No Judicial malpractice threatens treatment for elderly Elderly Kentuckians may by theredman


									No. 2005-14

  Judicial malpractice threatens treatment for
Elderly Kentuckians may face dimin-            vere than those in traditional medical       By Bobby E. Reynolds
ished care if judicial tactics being applied   malpractice cases.
in Arizona are adopted in Kentucky.
                                               The ruling has serious legal ramifications
The Arizona Supreme Court recently             that heighten the need for medical mal-
ruled that the austere penalties of the        practice reform in Kentucky. Policymak-
Copper State’s elder-abuse law apply to        ers should act during the 2006 legislative   (Total Word Count 758)
physicians involved in ordinary malprac-       session of the Kentucky General Assem-
tice claims. The court’s ruling is the first   bly to protect doctors who, under the
of its kind.                                   type of statute upheld by the Arizona
                                               Supreme Court, could face criminal           malpractice
Standard medical malpractice cases usu-        charges for a single act of alleged mal-     insurance premium
ally involve doctors being accused of          practice.                                    rates already force
negligence like leaving a sponge in a pa-
tient following surgery or issuing the         Dire economic consequences could result
                                                                                            some expectant
wrong prescription. However, in McGill         from a failure to stymie the nationwide      Kentucky mothers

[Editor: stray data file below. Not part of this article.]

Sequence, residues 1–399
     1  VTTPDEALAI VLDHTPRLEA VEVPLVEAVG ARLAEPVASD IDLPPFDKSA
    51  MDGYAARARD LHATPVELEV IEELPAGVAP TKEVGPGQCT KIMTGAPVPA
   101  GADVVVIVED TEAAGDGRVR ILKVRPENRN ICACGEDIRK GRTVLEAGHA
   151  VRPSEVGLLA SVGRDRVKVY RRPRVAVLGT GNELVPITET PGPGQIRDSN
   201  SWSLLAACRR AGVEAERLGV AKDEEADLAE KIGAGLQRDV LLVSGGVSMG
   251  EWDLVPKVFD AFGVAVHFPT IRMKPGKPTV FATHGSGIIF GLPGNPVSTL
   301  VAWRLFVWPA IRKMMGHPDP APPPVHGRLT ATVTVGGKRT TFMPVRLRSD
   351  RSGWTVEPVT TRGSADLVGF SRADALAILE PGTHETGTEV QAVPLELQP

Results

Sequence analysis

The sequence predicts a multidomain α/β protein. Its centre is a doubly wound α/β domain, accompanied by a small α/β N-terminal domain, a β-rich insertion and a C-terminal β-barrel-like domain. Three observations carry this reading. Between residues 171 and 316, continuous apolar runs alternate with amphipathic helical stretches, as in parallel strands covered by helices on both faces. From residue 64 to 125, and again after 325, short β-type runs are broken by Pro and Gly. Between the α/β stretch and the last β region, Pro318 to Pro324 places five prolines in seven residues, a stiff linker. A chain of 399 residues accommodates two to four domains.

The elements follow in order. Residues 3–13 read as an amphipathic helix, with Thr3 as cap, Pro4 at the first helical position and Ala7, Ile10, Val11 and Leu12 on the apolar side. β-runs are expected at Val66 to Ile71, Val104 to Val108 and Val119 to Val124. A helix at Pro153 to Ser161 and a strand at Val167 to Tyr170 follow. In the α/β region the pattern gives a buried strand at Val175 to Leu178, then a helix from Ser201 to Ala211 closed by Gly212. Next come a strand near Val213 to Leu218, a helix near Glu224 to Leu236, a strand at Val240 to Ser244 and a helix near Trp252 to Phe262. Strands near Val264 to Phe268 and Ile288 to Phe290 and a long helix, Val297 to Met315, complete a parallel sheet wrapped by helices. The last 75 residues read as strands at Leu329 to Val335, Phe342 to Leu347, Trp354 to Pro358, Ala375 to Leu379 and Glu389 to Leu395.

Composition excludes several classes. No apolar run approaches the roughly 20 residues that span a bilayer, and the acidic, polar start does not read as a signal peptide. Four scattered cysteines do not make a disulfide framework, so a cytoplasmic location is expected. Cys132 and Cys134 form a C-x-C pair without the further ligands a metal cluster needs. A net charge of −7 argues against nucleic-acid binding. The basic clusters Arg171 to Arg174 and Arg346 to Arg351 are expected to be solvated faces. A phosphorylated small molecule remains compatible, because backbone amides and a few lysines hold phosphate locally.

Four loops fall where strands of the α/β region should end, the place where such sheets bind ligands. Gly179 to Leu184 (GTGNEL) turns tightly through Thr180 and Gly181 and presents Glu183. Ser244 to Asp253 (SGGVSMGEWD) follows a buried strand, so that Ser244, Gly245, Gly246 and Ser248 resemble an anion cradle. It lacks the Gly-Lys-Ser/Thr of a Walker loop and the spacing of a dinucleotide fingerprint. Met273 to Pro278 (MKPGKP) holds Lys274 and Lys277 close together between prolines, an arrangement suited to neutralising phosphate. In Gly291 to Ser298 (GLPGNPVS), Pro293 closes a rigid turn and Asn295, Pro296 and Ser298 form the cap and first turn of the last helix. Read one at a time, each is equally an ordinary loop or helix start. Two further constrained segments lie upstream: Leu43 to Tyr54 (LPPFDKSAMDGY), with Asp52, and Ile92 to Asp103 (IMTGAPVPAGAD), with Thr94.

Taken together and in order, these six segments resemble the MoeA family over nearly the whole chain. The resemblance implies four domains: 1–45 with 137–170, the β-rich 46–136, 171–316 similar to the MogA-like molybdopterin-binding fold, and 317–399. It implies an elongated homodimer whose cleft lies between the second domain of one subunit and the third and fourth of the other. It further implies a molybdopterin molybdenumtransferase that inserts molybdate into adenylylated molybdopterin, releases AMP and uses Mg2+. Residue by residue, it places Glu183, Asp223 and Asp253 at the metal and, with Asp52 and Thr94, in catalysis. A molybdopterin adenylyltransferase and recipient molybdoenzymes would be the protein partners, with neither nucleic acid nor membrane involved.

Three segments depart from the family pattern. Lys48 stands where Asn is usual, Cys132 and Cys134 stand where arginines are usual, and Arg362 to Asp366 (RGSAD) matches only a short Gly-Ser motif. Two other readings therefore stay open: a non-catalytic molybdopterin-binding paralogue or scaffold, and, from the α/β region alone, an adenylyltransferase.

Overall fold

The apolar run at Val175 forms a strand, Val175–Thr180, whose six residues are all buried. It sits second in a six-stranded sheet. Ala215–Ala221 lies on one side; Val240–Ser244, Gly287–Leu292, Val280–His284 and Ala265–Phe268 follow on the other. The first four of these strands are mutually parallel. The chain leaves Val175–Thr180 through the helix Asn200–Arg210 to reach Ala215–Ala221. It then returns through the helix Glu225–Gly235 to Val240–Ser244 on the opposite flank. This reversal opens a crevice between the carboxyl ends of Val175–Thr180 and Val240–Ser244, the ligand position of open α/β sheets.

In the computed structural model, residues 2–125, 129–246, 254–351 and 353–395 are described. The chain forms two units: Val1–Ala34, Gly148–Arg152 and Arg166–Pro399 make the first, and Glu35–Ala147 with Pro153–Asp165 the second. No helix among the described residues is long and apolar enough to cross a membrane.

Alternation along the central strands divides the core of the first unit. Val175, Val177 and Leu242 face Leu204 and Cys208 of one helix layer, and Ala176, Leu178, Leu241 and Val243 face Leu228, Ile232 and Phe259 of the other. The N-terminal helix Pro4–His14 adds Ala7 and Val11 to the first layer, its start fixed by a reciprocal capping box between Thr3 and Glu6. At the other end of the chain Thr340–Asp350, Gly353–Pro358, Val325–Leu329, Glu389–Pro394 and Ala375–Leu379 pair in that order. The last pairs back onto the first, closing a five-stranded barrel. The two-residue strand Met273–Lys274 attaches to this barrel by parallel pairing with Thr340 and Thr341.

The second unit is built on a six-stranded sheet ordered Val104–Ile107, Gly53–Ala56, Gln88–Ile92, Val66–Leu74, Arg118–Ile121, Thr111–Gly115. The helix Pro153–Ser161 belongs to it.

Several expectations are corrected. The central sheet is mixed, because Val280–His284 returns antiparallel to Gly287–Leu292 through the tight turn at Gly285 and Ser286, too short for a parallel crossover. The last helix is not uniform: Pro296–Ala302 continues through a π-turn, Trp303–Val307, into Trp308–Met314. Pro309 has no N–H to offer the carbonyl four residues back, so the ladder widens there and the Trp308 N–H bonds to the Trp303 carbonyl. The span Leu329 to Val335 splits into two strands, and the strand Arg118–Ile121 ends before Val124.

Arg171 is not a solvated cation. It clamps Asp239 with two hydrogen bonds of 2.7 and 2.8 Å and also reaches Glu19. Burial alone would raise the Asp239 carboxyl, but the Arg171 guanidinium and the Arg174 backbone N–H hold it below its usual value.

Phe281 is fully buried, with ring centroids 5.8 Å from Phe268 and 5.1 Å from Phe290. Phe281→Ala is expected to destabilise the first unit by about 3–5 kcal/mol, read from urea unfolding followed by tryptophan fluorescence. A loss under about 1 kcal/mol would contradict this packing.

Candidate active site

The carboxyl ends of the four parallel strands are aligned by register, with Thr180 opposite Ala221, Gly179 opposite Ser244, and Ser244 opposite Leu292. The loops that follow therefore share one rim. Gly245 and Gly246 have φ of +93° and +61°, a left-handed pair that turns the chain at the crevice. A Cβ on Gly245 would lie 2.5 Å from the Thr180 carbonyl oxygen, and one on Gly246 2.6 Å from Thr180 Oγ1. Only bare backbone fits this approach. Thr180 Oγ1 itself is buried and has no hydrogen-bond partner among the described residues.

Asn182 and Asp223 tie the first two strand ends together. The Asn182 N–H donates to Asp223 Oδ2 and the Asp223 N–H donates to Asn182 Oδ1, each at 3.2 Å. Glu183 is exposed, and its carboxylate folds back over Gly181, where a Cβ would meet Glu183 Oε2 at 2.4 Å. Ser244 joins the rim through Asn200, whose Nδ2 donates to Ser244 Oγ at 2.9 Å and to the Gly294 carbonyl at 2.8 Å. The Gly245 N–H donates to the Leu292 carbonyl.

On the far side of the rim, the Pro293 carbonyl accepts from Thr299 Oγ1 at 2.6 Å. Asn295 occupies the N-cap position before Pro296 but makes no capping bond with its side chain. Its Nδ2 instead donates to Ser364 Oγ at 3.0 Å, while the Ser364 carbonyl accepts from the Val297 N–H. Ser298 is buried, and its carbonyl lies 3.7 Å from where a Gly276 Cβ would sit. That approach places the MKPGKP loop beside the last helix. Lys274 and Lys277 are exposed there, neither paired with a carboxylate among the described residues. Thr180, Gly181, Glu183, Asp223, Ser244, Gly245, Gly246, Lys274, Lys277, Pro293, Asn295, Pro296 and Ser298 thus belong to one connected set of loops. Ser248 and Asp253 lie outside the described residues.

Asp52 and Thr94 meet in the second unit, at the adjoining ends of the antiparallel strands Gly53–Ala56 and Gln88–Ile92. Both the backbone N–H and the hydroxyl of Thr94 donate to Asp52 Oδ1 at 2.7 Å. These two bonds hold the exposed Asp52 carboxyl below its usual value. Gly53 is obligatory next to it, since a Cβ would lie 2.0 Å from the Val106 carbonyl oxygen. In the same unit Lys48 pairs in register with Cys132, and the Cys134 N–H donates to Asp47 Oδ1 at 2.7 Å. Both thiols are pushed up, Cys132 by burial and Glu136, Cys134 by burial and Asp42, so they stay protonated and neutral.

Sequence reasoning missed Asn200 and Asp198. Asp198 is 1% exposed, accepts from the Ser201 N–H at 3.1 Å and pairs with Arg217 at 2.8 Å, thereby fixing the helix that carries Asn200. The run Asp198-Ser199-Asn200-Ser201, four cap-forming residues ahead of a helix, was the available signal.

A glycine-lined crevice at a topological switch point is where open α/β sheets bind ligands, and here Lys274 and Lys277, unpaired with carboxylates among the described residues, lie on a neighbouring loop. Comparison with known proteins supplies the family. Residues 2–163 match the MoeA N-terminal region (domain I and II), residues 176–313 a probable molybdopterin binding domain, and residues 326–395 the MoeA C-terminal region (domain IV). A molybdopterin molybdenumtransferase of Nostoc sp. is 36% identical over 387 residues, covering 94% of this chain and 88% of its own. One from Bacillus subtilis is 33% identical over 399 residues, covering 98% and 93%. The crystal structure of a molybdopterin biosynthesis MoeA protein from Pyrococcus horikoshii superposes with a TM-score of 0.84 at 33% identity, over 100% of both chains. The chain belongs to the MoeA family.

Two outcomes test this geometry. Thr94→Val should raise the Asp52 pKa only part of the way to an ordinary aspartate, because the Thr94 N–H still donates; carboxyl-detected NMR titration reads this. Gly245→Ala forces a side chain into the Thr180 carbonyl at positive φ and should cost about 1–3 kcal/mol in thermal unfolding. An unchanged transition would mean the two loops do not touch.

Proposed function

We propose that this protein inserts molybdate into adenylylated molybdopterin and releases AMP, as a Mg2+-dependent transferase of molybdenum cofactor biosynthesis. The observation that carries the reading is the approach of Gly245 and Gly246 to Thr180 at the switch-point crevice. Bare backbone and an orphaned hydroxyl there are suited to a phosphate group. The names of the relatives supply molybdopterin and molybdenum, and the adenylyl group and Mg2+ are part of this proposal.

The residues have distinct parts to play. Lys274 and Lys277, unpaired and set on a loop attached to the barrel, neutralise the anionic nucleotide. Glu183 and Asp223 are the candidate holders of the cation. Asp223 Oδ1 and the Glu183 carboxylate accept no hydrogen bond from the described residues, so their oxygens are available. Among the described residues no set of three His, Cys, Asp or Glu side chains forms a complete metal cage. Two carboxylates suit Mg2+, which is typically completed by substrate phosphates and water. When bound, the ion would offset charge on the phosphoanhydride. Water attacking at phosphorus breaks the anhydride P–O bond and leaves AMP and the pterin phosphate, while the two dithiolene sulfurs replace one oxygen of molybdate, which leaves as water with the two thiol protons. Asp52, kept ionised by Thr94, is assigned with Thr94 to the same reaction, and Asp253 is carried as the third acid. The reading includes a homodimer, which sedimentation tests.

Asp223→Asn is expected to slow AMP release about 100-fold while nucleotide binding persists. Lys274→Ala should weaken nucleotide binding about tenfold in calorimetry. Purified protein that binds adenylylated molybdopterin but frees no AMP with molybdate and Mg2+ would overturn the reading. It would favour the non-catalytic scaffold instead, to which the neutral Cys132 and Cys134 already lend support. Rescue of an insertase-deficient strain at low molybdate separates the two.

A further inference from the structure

v. Albrecht, a physician was sued for not      threat resulting from judicial activism      to drive hours to
ordering a routine test for an elderly, in-    displayed by Arizona’s justices. Their       deliver their babies.
capacitated patient.                           ruling would cause medical malpractice
                                               insurance premiums to rise even higher       Now, a new court
The defendant, who had been the pa-            in Kentucky as providers recognized the      ruling could
tient’s doctor for more than two years,        need to account for future claims as a       threaten the
performed two physical examinations but        result of the potential penalties included   availability of
failed to order a standard annual mam-         in elder-abuse statutes.
mogram for the woman. She subse-                                                            medical care for
quently died of cardiac arrest due to a        High premiums already have a severe          another vulnerable
condition that apparently resulted from        economic impact on industries that serve     population -- the
breast cancer.                                 the elderly.                                 elderly.
The woman’s estate sued, claiming her          Several nursing home chains, including
death was related to the treatment of the      Extendicare and Health Ventures, have
cancer that spread as a result of the doc-     been forced to sell facilities in Florida
tor’s failure to order a mammogram. But        and Arkansas because of an inability to
the estate also extended its accusations a     obtain liability coverage. Six of the na-
step beyond most malpractice cases by          tion’s largest nursing home companies
accusing the physician of violating Ari-       have filed for bankruptcy in the past two
zona’s elder-abuse statute.                    years largely as a result of uncontrolled
                                               costs related to medical liability premi-
Arizona’s highest court ruled the doctor       ums and tort-related expenses.
is liable under the elder-abuse decree, the
penalties for which are much more se-          A lack of meaningful reform has already

                                                                     Continued on Reverse
                                  caused ob-gyns to stop delivering babies      required for big payoffs by allowing pu-
                                  in several Kentucky counties. Now, the        nitive damages to be awarded without
                                  elder-abuse locomotive careening down         the “clear and convincing proof of evil”